Protesters target the Bakken pipeline.
Despite ongoing resistance by the Standing Rock Sioux Tribe, a North Dakota federal court has ordered the indigenous group to stop their blockade protests against a US$3.8 billion oil pipeline.
“The tribe is committed to doing all it can to make sure the demonstrations … are done in the right way,” said Dave Archambault II, chairperson of the Standing Rock Sioux Tribe. “As we have said from the beginning, demonstrations regarding Dakota Access must be peaceful.”
On August 15, protesters arrived at the site and surrounded the machinery at the work site, prompting an instruction to the workers to leave their equipment. That day, the pipeline developer, Dakota Access, filed a lawsuit against the protesters, citing that worker and law enforcement safety was at risk.
The Bakken pipeline, as it is known, is almost as long as a previously proposed mammoth pipeline, Keystone XL. It will cut through all of North and South Dakota, Iowa and Illinois.
As it is owned by a subsidiary of Texas-based Energy Transfer Partners, the line will carry about 570,000 barrels of sweet crude oil every day — fracked from North Dakota's oil-rich Bakken Formation — all the way to Patoka, Illinois.
The project will run through wildlife areas, sacred Native American sites, and water sources such as the Mississippi and the Missouri — some of the longest rivers on the continent. Critics say the pipeline poses a major threat to ecosystems. Federal agencies, however, argue the Bakken avoids “critical habitat” and is safe.
The Standing Rock Sioux Tribe have countered with their own lawsuit against the developer to challenge their permits to build the pipeline.
“The pipeline presents a threat to our land, our sacred sites, our water and to the people,” said Archambault. “Our basic message is that the Corps of Engineers has failed to follow the law and has failed to consider the impacts of the pipeline on Standing Rock Sioux Tribe.”
Law officials started detaining people two days after the protest began, including Archambault, who has been charged with disorderly conduct and trespassing.
Then, on August 19, North Dakota issued an emergency declaration in a bid to stop the protests. Meanwhile, the Pine Ridge Oglala Lakota will file formal complaints for obstructing free movement.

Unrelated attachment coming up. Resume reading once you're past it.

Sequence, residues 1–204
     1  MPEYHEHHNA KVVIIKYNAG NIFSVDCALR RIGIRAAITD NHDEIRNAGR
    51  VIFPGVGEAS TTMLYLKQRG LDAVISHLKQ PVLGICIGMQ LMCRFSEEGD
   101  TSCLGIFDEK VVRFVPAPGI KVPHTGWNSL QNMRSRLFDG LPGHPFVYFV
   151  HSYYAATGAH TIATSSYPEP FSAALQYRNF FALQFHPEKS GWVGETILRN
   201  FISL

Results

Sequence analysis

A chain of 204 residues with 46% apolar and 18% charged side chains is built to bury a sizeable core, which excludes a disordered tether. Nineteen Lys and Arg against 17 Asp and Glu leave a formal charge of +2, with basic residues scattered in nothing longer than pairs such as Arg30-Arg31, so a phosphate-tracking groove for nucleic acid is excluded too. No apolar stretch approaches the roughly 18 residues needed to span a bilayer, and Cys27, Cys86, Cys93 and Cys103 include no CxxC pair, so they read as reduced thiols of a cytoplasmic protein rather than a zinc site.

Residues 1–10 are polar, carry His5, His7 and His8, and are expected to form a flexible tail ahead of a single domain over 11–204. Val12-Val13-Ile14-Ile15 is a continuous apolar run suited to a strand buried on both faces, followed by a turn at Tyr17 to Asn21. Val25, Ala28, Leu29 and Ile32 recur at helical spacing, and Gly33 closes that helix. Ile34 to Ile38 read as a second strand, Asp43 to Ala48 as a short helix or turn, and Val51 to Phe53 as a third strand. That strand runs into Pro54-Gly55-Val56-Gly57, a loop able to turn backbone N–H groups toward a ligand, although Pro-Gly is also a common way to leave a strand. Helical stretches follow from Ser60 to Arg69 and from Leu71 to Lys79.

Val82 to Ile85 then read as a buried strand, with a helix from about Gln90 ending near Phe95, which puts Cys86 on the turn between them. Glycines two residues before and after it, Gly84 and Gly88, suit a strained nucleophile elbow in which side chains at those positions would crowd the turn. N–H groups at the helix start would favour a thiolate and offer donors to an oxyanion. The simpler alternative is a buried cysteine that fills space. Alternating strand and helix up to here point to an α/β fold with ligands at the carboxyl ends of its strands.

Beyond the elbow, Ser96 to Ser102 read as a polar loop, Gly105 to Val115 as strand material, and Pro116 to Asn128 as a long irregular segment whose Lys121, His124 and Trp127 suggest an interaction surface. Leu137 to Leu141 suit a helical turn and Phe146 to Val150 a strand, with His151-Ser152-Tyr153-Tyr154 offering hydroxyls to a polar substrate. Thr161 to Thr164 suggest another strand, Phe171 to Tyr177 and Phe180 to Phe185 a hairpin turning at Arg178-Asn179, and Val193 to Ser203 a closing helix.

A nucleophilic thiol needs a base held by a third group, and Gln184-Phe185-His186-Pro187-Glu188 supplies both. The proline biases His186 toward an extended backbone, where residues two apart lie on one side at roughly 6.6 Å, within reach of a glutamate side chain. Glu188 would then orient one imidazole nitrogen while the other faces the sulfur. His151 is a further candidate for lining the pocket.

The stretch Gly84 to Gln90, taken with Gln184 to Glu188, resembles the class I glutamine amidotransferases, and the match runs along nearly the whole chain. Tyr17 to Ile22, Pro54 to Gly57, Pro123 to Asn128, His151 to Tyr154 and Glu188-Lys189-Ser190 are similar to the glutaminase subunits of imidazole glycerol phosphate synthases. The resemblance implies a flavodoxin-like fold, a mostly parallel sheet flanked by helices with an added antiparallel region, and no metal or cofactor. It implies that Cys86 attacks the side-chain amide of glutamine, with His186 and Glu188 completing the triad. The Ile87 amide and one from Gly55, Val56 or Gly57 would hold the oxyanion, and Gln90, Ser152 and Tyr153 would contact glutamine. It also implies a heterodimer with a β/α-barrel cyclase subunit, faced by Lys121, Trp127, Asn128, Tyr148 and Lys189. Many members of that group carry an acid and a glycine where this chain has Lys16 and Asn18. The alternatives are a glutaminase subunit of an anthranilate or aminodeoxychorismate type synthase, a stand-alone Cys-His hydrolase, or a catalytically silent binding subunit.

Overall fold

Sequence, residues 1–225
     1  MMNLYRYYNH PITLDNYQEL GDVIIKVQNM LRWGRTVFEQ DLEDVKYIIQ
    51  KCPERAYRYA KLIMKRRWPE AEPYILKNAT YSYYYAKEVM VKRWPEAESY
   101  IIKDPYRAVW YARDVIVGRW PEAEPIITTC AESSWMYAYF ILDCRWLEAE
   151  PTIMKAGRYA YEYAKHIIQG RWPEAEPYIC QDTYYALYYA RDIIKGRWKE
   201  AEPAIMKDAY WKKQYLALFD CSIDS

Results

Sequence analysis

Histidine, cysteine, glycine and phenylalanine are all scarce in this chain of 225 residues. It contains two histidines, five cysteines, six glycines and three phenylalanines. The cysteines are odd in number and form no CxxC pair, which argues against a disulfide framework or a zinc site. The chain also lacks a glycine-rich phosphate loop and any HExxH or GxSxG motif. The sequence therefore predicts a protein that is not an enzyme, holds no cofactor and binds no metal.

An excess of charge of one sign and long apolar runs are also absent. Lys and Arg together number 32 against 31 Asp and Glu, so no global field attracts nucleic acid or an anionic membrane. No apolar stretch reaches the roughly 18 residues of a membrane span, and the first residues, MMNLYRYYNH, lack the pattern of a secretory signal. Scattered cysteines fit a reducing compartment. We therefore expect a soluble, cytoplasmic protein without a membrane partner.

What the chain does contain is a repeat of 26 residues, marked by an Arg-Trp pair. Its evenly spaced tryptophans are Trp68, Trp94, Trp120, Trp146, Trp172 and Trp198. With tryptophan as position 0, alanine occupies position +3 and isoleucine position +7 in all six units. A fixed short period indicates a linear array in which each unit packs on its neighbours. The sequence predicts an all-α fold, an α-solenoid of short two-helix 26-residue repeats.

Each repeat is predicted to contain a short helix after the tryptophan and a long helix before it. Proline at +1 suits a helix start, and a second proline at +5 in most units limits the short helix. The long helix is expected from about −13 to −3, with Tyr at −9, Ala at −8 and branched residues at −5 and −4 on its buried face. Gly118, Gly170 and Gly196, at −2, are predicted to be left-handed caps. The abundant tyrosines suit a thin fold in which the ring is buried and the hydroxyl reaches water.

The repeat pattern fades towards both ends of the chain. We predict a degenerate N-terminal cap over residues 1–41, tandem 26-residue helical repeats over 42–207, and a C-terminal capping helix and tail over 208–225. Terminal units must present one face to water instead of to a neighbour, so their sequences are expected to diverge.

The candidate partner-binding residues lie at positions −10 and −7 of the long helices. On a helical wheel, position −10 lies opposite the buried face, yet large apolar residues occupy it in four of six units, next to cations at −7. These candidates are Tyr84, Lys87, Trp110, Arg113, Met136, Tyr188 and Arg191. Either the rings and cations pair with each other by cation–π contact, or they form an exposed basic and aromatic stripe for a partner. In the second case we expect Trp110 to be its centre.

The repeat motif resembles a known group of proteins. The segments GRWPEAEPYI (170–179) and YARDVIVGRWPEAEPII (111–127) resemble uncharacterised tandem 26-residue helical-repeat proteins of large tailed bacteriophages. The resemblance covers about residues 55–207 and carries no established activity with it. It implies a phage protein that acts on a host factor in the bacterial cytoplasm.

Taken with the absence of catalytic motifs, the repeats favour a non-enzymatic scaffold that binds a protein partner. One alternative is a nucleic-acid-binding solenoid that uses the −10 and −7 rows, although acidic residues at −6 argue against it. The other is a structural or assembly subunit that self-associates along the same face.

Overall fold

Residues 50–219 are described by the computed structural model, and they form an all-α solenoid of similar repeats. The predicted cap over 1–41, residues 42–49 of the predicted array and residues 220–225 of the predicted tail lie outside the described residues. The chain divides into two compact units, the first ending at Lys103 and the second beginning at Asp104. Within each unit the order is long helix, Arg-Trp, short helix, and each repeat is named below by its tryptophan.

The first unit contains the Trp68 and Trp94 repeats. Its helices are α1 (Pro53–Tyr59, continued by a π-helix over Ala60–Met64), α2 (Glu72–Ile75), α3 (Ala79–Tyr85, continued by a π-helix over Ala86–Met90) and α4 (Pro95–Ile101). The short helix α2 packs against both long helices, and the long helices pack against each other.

Governor Jack Dalrymple authorized the executive order Friday evening due to “significant public safety concern,” following a statement by the Morton County sheriff that the protests are “unlawful” and that some occupiers are rumored to be armed.
The protesters, who come from several tribes and environmental groups, insist their actions are peaceful and are meant to target the project, not law enforcement. Media speculation about any violence, they said, is unsubstantiated. The pipeline's developer already won a restraining order against the protesters earlier this week.
The emergency declaration would let Dalrymple request additional funding for law enforcement but would not involve the National Guard, according to KFYR TV. The county has already deployed highway patrol, police and private security and is expected to deploy more this weekend.
The Oglala Lakota Nation will file their complaint with the Department of Justice and the UN Commission of Human Rights after they said that members were stopped from leaving their reservation on suspicion that they would attend the protests, reported the Bismarck Tribune.
“The Strong Heart Warrior Society condemns these traffic checkpoints and any interference of the rights of way of Lakota persons from traveling across their traditional lands for any purpose. South Dakota is Lakota territory under natural law, international law and treaty law. The state of South Dakota and the United States government are in violation of these legal covenants and mass stops of Native persons is criminalization without due process, racial profiling and illegal. These stops must end now,“ said Strong Heart Warrior Society spokesman Canupa Gluha.
Construction was halted after protesters blocked a major highway, but the project has already been approved—illegally, say the Lakota and Yankton Sioux tribes—and is expected to resume construction after officials restrategize on how to “be able to get control of the situation,” said the sheriff.
The pipeline, which would cross four states, a major river and aquifer and sacred ceremonial and burial grounds, has been compared to the Keystone XL Pipeline for its potentially disastrous environmental effects.
[Compiled from TeleSUR English.]